The Pennsylvania House of Representatives approved an approximately $30 billion Republican-crafted budget bill on Saturday as the Wolf administration and top GOP lawmakers positioned themselves for a government shutdown and the first veto of an entire budget in at least four decades.
The bill passed 112-77 after two hours of debate during an unusual weekend session with just four days left in the state's fiscal year.
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The bill now goes to the Senate, where it is expected to pass the Republican-controlled chamber as early as Monday. However, it faces a near-certain veto by Democratic Gov. Tom Wolf, and without an enacted budget package by Wednesday, the Wolf administration will lose some spending authority, particularly for a wide variety of human and social services.
"It's far from over," said Rep. Dwight Evans, D-Philadelphia.
Republicans urged Wolf to accept what they called a responsible budget that increases aid for education and holds the line on taxes. It would also keep the state government operating while the sides continue to negotiate through differences, they said.
Republicans positioned their bill as a taxpayer friendly alternative to Wolf's proposal to raise spending by $2.6 billion, relying on a $4-plus billion tax increase to help wipe out the deficit and deep, Republican-sponsored cuts in education aid in 2011.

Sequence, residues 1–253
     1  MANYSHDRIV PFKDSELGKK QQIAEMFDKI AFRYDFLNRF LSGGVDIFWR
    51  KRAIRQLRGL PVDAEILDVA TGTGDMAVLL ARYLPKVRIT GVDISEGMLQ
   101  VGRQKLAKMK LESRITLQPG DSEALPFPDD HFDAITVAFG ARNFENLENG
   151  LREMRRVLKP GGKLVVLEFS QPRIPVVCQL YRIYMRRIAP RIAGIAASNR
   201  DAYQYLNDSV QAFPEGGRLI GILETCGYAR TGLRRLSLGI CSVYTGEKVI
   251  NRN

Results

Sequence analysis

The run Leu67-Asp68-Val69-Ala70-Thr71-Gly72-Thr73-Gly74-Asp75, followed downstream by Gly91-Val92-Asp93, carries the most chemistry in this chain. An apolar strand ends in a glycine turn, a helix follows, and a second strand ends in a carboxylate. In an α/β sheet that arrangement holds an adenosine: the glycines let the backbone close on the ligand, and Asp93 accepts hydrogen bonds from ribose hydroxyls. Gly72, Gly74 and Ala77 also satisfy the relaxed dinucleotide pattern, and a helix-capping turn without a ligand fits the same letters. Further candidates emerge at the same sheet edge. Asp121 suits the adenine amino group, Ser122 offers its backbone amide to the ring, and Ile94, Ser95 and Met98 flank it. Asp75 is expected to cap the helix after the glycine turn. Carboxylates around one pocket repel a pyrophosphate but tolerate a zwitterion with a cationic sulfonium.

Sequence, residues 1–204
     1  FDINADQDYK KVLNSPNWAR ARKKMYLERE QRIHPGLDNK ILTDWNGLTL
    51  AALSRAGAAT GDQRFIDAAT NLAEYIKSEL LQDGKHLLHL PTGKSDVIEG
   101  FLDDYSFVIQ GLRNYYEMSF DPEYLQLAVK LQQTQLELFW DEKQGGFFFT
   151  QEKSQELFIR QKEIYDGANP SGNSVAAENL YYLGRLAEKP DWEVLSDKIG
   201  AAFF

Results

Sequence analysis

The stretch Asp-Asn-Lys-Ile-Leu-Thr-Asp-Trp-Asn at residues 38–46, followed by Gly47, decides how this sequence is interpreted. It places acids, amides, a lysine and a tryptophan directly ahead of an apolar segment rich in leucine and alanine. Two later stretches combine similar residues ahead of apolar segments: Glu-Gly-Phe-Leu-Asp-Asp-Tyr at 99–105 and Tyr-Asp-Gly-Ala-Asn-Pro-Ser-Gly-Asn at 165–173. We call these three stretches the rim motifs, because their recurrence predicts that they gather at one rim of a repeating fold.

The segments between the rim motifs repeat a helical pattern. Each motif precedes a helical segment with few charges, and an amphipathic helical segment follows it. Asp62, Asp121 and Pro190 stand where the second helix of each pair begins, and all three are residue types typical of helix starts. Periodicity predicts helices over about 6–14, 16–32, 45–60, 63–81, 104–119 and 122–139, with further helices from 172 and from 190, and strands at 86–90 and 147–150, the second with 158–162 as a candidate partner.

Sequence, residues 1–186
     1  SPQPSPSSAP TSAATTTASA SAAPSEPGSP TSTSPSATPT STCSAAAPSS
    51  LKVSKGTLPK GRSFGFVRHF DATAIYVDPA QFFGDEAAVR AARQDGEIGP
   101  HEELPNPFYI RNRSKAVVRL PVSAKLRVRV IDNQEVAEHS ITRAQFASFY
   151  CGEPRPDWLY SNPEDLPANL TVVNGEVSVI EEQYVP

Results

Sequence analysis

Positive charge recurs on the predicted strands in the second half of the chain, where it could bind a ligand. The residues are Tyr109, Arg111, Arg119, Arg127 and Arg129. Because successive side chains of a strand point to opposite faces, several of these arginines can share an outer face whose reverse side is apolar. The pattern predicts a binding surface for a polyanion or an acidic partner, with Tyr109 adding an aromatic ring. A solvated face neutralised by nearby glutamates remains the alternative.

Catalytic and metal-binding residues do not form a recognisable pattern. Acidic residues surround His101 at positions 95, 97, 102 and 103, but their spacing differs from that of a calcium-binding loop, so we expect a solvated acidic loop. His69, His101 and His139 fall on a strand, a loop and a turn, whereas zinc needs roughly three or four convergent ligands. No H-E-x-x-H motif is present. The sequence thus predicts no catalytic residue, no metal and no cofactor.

"Now it would be wonderful to spend that much money if we were willing to pay the price," said Rep. Garth Everett, R-Lycoming. "You can't spend what you don't have and you can't spend what you're not willing to put a vote up for. I'm not willing to put a vote up for those kinds of tax increases and not one other member of this House was."
However, Democrats blasted the plan for leaving education aid below 2010's levels and said it was balanced on more than $1.5 billion in stopgaps that would worsen a long-term structural deficit that has left Pennsylvania's bond rating in the nation's basement.
Rep. Dan Frankel, D-Pittsburgh, echoed the Wolf administration's contention that payment delays built into the GOP plan would mean just $8 million in increased aid to public schools.
"Let me tell you something about this budget," Frankel said. "Three cents. Three pennies. That's how much our kids' education is worth in the Republican budget before us, a net increase of $8 million in education funding split between 1.8 million students over the course of 180 days. Three cents per student, per day. Shameful."
The Republican budget plan would authorize nearly $30.2 billion in spending through the state's main bank account. That includes an approximately $1.15 billion spending increase, or about 4 percent, mainly for growing pension obligations, the rising cost of health care for the poor and a $100 million increase, or nearly 2 percent, in aid for public school instruction and operations.
It does not increase any broad-based taxes, it cuts corporate taxes and assumes that tax collections will grow slowly next year, at less than 1 percent. It also would count on $220 million in projected licensing receipts from yet-to-be-passed legislation to privatize the state-controlled wine and liquor store system. Wolf opposes the system's privatization.